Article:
David Schaper

David Schaper is a NPR National Desk reporter based in Chicago.

In this role, he covers news in Chicago and around the Midwest. Additionally he reports on a broad range of important social, cultural, political, and business issues in the region.

The range of Schaper's reporting has included profiles of service members killed in Iraq, and members of a reserve unit returning home to Wisconsin. He produced reports on the important political issues in key Midwest battleground states, education issues related to "No Child Left Behind," the bankruptcy of United Airlines as well as other aviation and transportation issues, and the devastation left by tornadoes, storms, blizzards, and floods in the Midwest.

Prior to joining NPR, Schaper spent nine years working as an award-winning reporter and editor for Chicago Public Radio's WBEZ-FM. For three years he covered education issues, reporting in-depth on the problems, financial and otherwise, plaguing Chicago's public schools.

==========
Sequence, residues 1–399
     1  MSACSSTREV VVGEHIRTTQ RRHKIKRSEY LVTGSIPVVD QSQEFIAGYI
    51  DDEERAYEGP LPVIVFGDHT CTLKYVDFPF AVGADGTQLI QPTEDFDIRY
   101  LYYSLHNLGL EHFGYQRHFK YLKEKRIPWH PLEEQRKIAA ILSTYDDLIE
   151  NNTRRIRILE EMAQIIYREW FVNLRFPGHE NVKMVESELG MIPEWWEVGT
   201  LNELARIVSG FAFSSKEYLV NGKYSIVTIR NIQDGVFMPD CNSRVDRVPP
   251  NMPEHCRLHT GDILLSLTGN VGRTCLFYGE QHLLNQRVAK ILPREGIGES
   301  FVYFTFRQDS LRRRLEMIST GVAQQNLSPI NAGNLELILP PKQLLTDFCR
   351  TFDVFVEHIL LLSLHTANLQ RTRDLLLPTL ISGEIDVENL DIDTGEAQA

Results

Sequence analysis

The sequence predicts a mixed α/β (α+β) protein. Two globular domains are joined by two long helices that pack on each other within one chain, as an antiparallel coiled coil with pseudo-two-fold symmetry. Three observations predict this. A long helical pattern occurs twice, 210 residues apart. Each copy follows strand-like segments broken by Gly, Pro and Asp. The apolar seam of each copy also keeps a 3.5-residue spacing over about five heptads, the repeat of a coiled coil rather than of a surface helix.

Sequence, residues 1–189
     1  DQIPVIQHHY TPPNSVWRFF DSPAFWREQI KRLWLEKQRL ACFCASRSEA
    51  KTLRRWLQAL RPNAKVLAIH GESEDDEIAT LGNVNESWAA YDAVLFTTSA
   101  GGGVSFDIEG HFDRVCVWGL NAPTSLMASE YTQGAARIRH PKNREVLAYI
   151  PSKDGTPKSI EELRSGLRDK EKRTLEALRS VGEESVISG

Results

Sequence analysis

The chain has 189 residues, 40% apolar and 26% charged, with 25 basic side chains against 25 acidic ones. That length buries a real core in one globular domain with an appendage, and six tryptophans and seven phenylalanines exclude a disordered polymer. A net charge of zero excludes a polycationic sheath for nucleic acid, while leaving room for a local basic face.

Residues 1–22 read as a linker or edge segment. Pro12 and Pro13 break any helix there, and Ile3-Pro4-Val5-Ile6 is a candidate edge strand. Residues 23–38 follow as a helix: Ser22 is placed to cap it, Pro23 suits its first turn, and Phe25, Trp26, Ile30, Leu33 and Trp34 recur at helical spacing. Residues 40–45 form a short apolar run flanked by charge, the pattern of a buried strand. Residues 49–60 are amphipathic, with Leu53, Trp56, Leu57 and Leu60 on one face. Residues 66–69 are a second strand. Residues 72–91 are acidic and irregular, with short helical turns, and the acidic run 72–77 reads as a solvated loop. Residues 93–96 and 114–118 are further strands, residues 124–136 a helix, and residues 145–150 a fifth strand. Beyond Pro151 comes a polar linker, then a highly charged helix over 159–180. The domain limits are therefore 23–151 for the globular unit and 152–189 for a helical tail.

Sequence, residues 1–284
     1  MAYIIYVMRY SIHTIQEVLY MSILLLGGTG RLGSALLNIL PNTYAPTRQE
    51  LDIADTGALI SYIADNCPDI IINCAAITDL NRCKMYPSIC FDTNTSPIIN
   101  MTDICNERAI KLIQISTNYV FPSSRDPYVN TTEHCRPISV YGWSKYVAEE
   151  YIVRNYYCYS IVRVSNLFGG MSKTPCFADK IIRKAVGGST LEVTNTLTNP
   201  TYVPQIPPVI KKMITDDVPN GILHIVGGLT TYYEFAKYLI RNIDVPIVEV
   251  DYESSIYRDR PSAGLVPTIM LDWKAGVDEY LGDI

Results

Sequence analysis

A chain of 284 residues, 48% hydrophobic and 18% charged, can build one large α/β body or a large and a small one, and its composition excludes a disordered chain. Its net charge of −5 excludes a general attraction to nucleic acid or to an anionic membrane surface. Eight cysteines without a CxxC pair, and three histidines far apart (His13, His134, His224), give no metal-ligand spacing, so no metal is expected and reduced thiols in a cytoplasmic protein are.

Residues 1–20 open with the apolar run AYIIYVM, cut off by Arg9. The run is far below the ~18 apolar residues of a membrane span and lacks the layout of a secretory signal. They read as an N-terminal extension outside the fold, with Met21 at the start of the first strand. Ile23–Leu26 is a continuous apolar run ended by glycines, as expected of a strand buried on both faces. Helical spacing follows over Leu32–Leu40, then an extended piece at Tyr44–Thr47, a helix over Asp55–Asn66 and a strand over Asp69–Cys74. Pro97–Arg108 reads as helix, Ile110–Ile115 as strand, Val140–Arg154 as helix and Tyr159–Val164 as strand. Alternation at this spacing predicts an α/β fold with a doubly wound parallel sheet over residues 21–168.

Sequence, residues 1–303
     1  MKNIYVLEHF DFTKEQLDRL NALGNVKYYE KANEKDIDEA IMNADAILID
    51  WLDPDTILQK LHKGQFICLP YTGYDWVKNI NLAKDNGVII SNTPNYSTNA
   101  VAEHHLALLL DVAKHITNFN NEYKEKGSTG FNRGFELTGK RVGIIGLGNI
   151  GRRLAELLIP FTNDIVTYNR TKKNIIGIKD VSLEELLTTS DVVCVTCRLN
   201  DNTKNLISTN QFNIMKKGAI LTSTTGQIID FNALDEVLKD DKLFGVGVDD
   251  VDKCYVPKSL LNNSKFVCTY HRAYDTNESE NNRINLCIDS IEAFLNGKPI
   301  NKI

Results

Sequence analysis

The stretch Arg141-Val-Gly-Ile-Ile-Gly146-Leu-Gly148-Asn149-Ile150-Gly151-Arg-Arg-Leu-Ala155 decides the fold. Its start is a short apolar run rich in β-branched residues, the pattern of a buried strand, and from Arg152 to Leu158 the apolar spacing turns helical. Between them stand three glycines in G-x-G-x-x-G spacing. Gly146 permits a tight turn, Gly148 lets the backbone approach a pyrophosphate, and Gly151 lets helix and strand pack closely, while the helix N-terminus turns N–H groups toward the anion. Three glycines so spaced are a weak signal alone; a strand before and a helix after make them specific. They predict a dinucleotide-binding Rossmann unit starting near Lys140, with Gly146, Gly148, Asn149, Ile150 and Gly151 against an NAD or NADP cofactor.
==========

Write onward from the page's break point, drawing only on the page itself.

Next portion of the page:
In 1996, Schaper was named assistant news editor, managing the station's daily news coverage and editing a staff of six. He continued general assignment reporting, covering breaking news, politics, transportation, housing, sports, and business.

When he left WBEZ, Schaper was the station's political reporter, editor, and a frequent fill-in news anchor and program host. Additionally, he served as a frequent guest panelist on public television's Chicago Tonight and Chicago Week in Review.

Since beginning his career at Wisconsin Public Radio's WLSU-FM, Schaper worked in Chicago as a writer and editor for WBBM-AM and as a reporter and anchor for WXRT-FM. He worked at commercial stations WMAY-AM in Springfield, IL; and WIZM-AM and FM in La Crosse, WI; and at public stations WSSU-FM (now WUIS) and WDCB-FM in in Illinois.